Thousands still in dark after overnight windstorm Wednesday

Thousands of customers were still without power after intense overnight winds toppled power lines and trees, causing road closures across Western Washington Wednesday.

As of 9 p.m. Thursday there were approximately 30,000 Puget Sound Energy customers still without power. Power had been restored to more than 405,000 since the beginning of the storm.

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Puget Sound Energy said some customers might have outages for days due to the severity of the impact on the system.

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Roads were closed throughout the region, including on Deception Pass Bridge. State troopers said high winds were a factor in knocking over a truck, causing it to hang partially off the bridge. The driver made it out safely. SR 20 was closed while crews tried to remove the semi. It has since reopened.

A tree came down on a house in the 600 block of South Mason Avenue Tacoma overnight Wednesday, shearing off nearly a quarter of the home. A woman was trapped inside. A Tacoma fire technical rescue team was able to rescue the victim from her bedroom.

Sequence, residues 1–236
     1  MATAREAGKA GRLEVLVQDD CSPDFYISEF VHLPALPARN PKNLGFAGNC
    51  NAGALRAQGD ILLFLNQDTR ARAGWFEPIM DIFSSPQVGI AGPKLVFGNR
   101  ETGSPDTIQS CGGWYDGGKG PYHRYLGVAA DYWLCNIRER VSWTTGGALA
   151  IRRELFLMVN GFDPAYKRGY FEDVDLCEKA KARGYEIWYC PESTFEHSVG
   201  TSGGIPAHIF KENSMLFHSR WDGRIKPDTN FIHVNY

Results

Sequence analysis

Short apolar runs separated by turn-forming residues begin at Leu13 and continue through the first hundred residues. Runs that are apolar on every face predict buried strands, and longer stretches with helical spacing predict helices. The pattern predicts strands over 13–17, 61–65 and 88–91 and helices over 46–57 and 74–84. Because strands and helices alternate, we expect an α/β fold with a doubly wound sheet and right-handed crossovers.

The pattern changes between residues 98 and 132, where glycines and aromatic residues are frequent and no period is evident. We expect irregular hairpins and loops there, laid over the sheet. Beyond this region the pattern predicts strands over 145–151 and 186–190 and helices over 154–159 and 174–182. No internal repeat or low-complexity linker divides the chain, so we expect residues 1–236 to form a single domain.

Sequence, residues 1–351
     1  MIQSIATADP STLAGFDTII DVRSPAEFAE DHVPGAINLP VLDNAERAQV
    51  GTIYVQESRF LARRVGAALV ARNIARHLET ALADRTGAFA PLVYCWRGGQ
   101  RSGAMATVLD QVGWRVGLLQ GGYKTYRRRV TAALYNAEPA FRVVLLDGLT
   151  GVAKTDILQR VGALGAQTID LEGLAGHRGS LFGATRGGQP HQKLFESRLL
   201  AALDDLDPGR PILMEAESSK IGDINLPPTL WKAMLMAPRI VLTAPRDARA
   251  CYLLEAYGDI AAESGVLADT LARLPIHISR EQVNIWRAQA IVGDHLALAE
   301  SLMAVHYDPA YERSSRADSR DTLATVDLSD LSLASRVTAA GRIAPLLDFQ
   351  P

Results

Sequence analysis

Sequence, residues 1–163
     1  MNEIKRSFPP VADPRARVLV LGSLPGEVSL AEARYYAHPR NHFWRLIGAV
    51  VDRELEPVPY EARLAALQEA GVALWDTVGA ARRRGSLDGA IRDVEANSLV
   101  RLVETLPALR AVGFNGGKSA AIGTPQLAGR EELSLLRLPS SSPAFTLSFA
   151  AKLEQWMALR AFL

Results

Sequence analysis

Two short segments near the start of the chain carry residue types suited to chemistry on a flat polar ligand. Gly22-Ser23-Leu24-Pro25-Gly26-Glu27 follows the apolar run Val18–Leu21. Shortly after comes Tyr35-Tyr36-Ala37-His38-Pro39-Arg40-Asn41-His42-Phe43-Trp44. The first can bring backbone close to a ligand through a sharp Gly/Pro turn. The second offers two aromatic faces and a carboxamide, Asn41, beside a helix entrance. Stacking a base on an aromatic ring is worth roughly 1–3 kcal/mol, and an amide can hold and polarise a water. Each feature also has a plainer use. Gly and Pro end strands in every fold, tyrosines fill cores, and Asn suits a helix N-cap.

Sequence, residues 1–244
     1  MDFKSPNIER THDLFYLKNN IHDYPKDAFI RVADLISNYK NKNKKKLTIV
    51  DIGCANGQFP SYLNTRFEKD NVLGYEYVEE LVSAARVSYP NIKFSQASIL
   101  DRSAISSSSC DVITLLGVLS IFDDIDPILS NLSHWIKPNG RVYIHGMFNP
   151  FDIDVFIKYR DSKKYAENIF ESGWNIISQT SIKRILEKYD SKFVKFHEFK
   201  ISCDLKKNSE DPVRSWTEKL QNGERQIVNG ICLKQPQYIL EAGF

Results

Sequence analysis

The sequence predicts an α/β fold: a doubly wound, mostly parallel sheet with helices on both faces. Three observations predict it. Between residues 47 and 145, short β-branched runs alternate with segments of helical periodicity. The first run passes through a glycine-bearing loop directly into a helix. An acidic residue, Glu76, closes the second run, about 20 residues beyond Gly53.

In Seattle, East Marginal Way South had closed at Myrtle due to power lines in the road.

Up in the North Sound, I-5 north of Lynnwood was completely shut between 164th Street and 128th Street for about 90 minutes after power lines came down just after 12 a.m. Wednesday.

Several roads in Snohomish County were blocked, including Norman Road in Stanwood and 236th Northeast in Arlington, the sheriff’s office said.

And Snohomish County PUD tweeted at 6 p.m. Thursday that the reason for prolonged outages was due to fallen trees that made it difficult for crews to access the issues.

In Whatcom County, several trees came down at Western Washington University in Bellingham Tuesday night. They caused damage at a residence hall and one person suffered minor injuries.

There were multiple wind gusts over 50 mph in the Seattle area between midnight and 1:15 a.m. Wednesday. Gusts of 70 mph were recorded in Ferndale, and Federal Way saw gusts of 61 mph.

Meteorologist Nick Allard had said Wednesday morning that was officially the wettest start to January in Seattle on record. Combined with high winds, the rainfall contributed to trees toppling by creating saturated ground.